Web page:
Tuesday, 25 December 2018

The Art of War

My heart is heavy, it feels like it's wrapped in chains - bound and padlocked - weighted to sink to the bottom of the ocean. With each beat, I'm sure it skips the next natural one, my rhythm off kilter. This season is not for me, however much I  try. It literally makes my heart skip a beat and in all the wrong ways. I feel giddy, panicked, awake, alert, in fight or flight mode.

At times, I experience a real sadness for my children. In anticipation of the future, and on their behalf, I mourn the lack of 'magic' that myself and their father fail to give to them. We can't, it's not in either of us. The gifts, the build up, the excitement, the expense, the waste, the overindulgence. It all sits heavy, right in the centre of my pulsating chest. I find myself not writing a letter to Santa but one to myself. It's a compilation of my failings for the year, for example; not managing to connect with a bereaved friend, feeling increasingly distanced and isolated from people whom I shouldn't, not modelling self care or self discipline to my children, not knowing what I want next - either for a meal, job, or in life generally - falling for the melancholy end of year drama every frickin' year.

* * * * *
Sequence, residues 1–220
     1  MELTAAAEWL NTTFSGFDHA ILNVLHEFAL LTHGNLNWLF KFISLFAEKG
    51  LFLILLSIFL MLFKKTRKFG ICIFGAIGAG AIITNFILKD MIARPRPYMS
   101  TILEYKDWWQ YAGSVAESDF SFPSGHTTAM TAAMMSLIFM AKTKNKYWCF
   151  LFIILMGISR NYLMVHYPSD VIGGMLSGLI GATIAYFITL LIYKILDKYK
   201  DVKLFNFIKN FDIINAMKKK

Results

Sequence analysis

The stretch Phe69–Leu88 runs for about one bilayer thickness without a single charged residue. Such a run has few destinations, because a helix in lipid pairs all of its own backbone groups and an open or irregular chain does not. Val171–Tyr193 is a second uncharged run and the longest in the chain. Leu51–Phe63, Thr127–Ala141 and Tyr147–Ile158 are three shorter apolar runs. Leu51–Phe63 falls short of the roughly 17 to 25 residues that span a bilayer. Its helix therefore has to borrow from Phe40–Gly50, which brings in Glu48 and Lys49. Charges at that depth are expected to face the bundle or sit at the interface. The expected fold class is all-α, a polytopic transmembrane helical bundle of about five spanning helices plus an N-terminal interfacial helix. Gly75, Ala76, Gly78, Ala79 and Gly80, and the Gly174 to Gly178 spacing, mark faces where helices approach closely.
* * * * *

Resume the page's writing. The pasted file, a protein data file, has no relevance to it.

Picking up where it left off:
Happiness is knowing that in just two days, my love and I will have two whole days alone, to rest, to process, to release, relent, to celebrate and surrender. It's all that my eyes are fixed on as I write at five a.m on Christmas morning, quietly tap tapping on my phone half hidden under bed covers so as not to wake my husband. Melancholy squeezes me tight as I think of leaving my boys, and I get caught up in a kind of dramatic 'we're gonna die in a car crash whilst we're away and I've been such a beast to them recently and they'll never know how much I love them and how they complete me' kind of vibe, you know? This season is not my season. I just ... can't. And the more I tell myself I should, the more I realise I not only cannot but I defiantly will not, neither mentally nor in spirit. It is a fight. I lose no teeth but the cuts keep bleeding and each time I look in the mirror, I see them pumping out blood to the rhythm of my heart attack, heart beat. I can taste the iron and it is a love/hate affair. 'Isn't it just?' I say aloud and with that, I watch myself post fight bidding the crowd farewell. I'm amazed at my strength, I lift my arms up in the air and proudly show my belt. I did it. I'm still the champion and my heart continues pumping it's heart attack bass line. I did it. I held onto my title. 'Going in one more round when you don't think you can, that's what makes all the difference in your life.' Always, Roc, you know it.

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